‘Ring of Fire’ lacks soul of Johnny Cash’s life
By CATEY SULLIVAN For Sun-Times Media February 24, 2014 2:52PM
Cory Goodrich and Michael Monroe Goodman star in "Ring of Fire." | MICHAEL BROSILOW PHOTO
‘RING OF FIRE’
When: Through March 30
Where: Theatre at the Center,
1040 Ridge Rd., Munster, Ind.
Info: (800) 511-1552;
Run time: 2 hours, one intermission
Updated: March 4, 2014 6:05PM
Go into “Ring of Fire” expecting a glimpse into the genius and torment that defined Johnny Cash and you’re apt to walk away disappointed. Created by Richard Maltby and conceived by William Meade, the storytelling is all but absent as the show makes its way through more than 30 numbers from the Man in Black’s extensive songbook. Even for a revue — a genre where narrative and character development generally take a distant back seat to a jukebox worth of songs — “Ring of Fire” is thin soup. Directed by Brian Russell, with music direction by Malcolm Ruhl, this is a show that sounds terrific but falters whenever the music stops and the attempts at dialogue begin.
A big part of the problem is that Maltby and Meade barely offer a Cliffs Notes version of Cash’s life. Bullet points (“It was a Friday morning when the accident happened that took my brother”) are delivered in somber-bordering-on-somnambulant pronouncements that sound like lines from a middle school pageant.
Yet even though there’s not enough material to flesh out one Johnny Cash, Maltby and Meade inexplicably give us two. Young Johnny (Michael Monroe Goodman, as the up-and-coming Cash) and older Johnny (Kent M. Lewis, as the iconic country singer looking back on his life and career) both possess the rich, raw baritone needed to recreate Cash’s signature sound. But by having two Johnnys (who actually don’t look that much different in age), the character of Johnny Cash becomes diluted. And having them trade off verses with other band members who are instrumentalists first and vocalists second? That’s not a good idea.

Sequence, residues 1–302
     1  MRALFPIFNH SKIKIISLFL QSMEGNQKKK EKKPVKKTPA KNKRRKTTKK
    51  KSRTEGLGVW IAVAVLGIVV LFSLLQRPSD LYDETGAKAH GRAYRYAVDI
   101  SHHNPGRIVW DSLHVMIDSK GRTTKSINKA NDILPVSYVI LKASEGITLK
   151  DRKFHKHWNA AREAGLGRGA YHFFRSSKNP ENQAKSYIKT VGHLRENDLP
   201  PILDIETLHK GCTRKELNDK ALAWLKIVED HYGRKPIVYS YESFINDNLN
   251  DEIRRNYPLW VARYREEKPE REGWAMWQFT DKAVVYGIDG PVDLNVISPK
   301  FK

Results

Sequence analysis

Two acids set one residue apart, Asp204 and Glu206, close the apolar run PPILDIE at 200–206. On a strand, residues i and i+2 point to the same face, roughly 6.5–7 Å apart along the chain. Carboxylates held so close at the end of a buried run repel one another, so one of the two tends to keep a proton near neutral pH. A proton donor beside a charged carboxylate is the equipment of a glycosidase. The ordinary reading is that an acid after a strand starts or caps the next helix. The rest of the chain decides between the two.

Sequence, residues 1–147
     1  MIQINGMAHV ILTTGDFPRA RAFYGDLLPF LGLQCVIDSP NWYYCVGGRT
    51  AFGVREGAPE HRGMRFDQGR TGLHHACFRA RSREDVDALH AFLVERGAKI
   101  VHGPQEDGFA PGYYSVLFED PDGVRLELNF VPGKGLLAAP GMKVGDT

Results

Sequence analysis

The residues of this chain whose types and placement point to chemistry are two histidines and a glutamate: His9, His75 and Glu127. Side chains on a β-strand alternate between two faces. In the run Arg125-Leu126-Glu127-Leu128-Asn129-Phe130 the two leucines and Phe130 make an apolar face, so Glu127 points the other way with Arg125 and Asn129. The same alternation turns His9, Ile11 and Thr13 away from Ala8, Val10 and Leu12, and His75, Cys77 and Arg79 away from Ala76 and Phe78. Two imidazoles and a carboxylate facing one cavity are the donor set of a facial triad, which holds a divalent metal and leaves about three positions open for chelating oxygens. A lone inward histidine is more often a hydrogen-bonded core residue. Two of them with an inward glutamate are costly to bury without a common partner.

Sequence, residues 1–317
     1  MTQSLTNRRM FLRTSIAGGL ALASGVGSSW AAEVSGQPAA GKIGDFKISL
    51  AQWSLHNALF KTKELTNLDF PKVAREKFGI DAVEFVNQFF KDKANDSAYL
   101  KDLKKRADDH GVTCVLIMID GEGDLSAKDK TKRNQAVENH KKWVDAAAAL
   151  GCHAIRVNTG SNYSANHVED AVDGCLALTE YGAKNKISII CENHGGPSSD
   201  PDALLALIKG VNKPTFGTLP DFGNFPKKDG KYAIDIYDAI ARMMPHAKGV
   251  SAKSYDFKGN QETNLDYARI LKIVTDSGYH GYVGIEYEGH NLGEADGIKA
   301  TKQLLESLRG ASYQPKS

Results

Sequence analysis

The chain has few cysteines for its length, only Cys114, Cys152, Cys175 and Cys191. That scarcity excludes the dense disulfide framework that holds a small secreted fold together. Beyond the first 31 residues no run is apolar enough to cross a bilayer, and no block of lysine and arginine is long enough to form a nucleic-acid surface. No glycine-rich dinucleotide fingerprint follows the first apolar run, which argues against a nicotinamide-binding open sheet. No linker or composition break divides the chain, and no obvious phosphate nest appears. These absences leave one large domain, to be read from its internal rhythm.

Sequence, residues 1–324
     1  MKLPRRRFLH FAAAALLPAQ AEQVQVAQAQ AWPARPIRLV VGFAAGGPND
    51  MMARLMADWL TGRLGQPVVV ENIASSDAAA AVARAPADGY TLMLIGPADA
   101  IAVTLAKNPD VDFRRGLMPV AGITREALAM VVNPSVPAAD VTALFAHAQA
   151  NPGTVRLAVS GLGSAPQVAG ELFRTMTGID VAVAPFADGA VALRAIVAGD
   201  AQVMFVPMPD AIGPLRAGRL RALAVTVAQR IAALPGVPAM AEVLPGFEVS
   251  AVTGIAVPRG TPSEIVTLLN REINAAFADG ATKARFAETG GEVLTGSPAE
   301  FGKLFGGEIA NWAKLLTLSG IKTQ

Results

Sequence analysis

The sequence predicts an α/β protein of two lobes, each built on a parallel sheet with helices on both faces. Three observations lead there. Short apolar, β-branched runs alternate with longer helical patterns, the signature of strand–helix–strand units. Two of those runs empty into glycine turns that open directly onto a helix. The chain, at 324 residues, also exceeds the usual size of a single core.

Cash’s wife June Carter Cash (Cory Goodrich) is similarly underwritten and rather lacking in chemistry with either Johnny. And while Goodrich has a gorgeous soprano, it’s more suited to musical theater and operetta than it is to the emotive twanging drawl of Cash’s country. She brings down the house with “I’ve Been Everywhere,” but the song is a feat of (mightily impressive) technique rather than an exploration of the heart.
All that said, “Ring of Fire” is a perfectly pleasant way to spend a few hours and when the band gets cooking, they set all burners on high. The variety of music packed into the show is indeed impressive, ranging from spirituals to backwoods novelty numbers (“Egg Suckin’ Dog” is a hoot) to Cash’s indelible hits (Lewis absolutely nails “A Boy Named Sue.”) Goodrich, Goodman and Lewis often play their own instruments as well as singing, picking guitars, autoharps, banjos and mandolins and adding to the lively, multi-layered accompaniment.
As for that band, it’s a marvel: Greg Hirte unleashes a blaze of sound and fury on the fiddle; Ruhl keeps an infectious beat on upright bass; Bill Underwood makes the keyboard sing and Billy Shaffer keeps a mean beat on percussion.